Microsoft Access Developer Best Practices

  • Understand your customer: Make sure you understand as much as you can about your customer. Visit the office / factory if possible, and see what they do on a daily basis. What is the core of their business? What do their customers need from them?
  • Written Requirements: Never assume you know what the customer wants. Explain to the customer (prefably in writing) what you believe he or she wants.
  • Study user interface design: There are many things that define a clear and natural user interface, including consistency (both within the application and consistency with other applications), standards, limited and consistent use of color, proper layout and alignment of fields and labels, proper grouping of information, tab order, clear and consistent error messages, and sufficient whitespace. You can download Microsoft's User Experience Interaction Guidleines (pdf)
  • Split the application (front end) from the back end db: This makes updates much easier, reduces the chances of corruption, and makes backups easier. The front-end should not contain any user data unless it is a temporary table required locally, but should contain all application related tables, such as choices for report names or options for sorting a form. Make sure your front end can find the back end in the current directory or on a network drive. That way the customer can copy the front and back ends to a test directory and test changes without affecting the live data, or copy everything to a laptop without network access.
  • Avoid macros — use VBA: You should avoid macros except for toolbars in Access 2003 and before, or web databases in Access 2010. VBA allows error trapping, and is much easier to maintain and reuse. It is also far more powerful than using macros. If you are building anything but the most trivial Access database applications (or 2010 web databases), you will need to know VBA, so learn it and use it.
  • Get formal training: You can learn quite a bit just playing around with Access, but if you want your applications to be bullet-proof and easily maintained, you need formal instruction in structured programming and object-oriented design. Take the time to learn how to do it the right way.
  • Queries: Use the * field to get all fields instead of listing each field separately when you want all the fields. When you add a field to the underlying table, it is automatically avaialable, and the query runs faster. This may seem obvious, but not everyone does it.
  • Build for Flexibility: Don't bury constants in code. Put them in a table (either system or back end db). For example, if you provide a user with a list of reports to print, your bound to add or remove reports later, so put the report names and any associated data in a table. Make sure your classes and functions use general purpose arguments so you can reuse them with few or preferably, no changes.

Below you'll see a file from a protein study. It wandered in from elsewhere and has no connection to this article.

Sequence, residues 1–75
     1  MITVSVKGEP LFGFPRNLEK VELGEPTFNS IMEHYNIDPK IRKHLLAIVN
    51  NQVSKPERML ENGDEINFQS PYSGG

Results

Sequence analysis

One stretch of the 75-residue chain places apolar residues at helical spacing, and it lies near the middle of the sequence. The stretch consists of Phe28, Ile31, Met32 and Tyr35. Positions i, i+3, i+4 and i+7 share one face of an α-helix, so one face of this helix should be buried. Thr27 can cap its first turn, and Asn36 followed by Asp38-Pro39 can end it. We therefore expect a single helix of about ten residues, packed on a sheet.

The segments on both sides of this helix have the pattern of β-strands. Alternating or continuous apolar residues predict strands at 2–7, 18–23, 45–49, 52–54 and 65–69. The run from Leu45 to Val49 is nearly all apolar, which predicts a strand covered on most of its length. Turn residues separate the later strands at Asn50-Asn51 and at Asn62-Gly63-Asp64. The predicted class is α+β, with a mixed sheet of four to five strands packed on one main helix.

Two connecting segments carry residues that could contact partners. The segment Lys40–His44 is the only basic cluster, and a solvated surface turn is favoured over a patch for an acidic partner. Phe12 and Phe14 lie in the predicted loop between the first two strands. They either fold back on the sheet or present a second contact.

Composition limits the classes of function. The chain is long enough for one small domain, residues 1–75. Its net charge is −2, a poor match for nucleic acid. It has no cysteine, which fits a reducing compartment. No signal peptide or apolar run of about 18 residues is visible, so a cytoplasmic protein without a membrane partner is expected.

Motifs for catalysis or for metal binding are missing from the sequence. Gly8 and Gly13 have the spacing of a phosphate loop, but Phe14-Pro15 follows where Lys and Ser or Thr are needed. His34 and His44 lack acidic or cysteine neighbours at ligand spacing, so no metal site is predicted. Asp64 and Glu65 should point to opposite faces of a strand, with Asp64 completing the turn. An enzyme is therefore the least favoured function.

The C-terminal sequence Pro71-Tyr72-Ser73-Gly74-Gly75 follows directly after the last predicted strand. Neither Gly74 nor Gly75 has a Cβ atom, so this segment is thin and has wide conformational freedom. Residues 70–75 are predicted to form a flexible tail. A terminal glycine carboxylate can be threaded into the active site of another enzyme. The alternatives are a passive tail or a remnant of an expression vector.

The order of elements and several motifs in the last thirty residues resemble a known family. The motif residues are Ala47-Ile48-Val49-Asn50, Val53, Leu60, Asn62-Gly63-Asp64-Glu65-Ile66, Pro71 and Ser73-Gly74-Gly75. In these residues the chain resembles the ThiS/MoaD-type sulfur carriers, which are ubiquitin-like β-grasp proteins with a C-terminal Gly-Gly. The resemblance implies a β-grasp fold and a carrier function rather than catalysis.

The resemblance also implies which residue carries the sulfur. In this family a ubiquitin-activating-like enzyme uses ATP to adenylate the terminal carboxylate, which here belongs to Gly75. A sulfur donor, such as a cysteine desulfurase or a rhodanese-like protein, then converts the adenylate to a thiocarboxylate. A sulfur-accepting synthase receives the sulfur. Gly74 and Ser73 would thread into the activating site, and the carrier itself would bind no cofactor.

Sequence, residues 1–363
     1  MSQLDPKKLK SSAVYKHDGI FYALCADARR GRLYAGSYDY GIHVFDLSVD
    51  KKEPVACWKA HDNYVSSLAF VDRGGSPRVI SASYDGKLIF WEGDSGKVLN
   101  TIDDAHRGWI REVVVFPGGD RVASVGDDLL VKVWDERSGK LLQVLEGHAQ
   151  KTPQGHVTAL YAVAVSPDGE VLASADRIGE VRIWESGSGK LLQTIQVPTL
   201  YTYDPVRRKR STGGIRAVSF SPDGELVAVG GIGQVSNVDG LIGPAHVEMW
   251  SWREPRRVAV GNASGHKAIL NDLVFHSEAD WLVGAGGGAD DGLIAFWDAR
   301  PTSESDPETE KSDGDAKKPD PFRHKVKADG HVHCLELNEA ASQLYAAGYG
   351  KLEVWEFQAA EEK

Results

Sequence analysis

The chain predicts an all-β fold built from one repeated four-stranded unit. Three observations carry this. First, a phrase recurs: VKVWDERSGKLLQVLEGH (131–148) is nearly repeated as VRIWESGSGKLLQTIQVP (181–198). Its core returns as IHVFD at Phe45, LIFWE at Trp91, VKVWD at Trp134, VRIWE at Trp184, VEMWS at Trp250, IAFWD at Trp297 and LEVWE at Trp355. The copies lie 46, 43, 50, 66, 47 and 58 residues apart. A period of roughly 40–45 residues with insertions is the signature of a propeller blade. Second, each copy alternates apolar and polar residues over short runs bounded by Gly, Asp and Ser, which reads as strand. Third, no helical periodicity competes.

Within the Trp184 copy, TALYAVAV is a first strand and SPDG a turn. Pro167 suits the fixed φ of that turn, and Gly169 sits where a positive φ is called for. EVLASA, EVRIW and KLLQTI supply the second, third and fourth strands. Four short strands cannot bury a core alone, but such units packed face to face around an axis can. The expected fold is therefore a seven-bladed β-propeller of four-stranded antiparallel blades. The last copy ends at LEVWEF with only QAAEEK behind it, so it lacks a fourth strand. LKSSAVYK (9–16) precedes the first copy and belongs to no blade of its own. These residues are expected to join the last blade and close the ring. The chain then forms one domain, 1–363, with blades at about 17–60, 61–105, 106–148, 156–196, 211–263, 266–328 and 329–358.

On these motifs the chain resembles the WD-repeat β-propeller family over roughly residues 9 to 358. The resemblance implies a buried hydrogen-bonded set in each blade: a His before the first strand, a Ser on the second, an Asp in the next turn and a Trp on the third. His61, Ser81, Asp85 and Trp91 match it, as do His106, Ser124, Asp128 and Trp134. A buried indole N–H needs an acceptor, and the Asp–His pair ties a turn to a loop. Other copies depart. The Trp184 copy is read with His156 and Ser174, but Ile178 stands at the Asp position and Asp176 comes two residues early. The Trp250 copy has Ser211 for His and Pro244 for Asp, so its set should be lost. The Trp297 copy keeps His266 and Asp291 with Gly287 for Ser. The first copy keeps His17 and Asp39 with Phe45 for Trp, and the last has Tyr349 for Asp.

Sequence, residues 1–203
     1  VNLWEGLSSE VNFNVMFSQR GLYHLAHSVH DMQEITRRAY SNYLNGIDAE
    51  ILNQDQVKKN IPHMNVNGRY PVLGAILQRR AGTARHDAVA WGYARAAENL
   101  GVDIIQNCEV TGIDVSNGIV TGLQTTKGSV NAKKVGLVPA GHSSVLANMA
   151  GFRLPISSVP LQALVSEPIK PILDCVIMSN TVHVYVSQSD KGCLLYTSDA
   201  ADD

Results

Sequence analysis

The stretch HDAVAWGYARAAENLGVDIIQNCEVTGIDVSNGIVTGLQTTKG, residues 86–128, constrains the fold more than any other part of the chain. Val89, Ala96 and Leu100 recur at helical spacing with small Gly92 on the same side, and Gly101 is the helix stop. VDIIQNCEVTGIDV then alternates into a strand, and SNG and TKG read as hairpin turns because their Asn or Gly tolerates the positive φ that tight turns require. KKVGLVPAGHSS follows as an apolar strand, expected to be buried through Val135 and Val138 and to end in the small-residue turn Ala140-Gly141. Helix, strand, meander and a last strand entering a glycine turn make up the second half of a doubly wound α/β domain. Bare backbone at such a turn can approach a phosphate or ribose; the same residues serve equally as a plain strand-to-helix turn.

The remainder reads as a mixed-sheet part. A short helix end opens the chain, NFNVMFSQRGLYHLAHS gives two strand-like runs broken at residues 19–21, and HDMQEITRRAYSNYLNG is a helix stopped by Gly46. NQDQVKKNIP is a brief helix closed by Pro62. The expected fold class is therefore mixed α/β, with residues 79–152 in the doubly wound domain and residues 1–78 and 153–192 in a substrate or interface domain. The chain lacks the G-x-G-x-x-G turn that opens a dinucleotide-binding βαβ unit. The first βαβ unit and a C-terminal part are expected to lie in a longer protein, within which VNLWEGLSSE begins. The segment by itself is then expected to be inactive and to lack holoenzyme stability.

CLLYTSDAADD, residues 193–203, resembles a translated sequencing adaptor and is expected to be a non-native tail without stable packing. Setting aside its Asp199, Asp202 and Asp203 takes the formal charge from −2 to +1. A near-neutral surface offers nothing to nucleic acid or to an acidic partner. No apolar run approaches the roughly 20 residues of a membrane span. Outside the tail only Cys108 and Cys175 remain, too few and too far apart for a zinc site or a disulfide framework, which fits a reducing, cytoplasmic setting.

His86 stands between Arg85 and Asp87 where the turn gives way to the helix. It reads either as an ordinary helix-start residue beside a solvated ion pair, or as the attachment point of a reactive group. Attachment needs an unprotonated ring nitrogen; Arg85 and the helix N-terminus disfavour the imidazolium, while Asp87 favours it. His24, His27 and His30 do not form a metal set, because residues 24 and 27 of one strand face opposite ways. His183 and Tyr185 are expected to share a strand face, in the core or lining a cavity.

• Build for reusabality (within and across applications): Avoid copying forms or reports just so you can add, remove, or change a few fields. Instead, use code to hide or show the few fields that are different. Then, when you need to make a change, you only have one place to update. Build your functions and classes to be general purpose so they can be reused again and again.
  • Create and maintain relationships: We're not talking the people kind here, but the relationships between tables. For example, if you have an order table with a unique order number and an order details table with products and quantities, when the order is deleted, you want the order details deleted too. Set up a relationship with the Cascading Delete option, and Microsoft Access does the delete for you automatically.
  • Build for maintainability: Write your application as if you expect someone else will be expanding it tomorrow. First, you cannot remember how and why you made every decision, so comment your code so you will remember, and make it clear enough so anyone will understand it. Use whitespace and indentations of loops or ifs in your code to make it readable. Write your code and application as if you were going to post all your objects and code online for review by experts. Make yourself proud of what you've done, it pays off in the long run.
  • Record all errors: Don't expect the customer to write down every error message or send you a screenshot. Trap all errors and write them to a separate database. Then, you can retrieve the exact message. Make sure you also record as many error details as you can, including the function and/or class where the error occurred. This is an example of a simple function using error logging:
    '  This function shows startup options.
    '  Written: 2010Oct20
    Public Function hlpShowStartupOptions() as Boolean
        On Error GoTo hlpShowStartupOptionsError
        'Show each passed startup property
        Dim prpProperty As Property
        For Each prpProperty In CurrentDb.Properties
            MsgBox prpProperty.Name
        hlpShowStartupOptions = True
        Exit Function
        hlpShowStartupOptions = False
        logWriteError Error$, vbCritical, "hlpShowStartupOptions"
        Resume hlpShowStartupOptionsExit
    End Function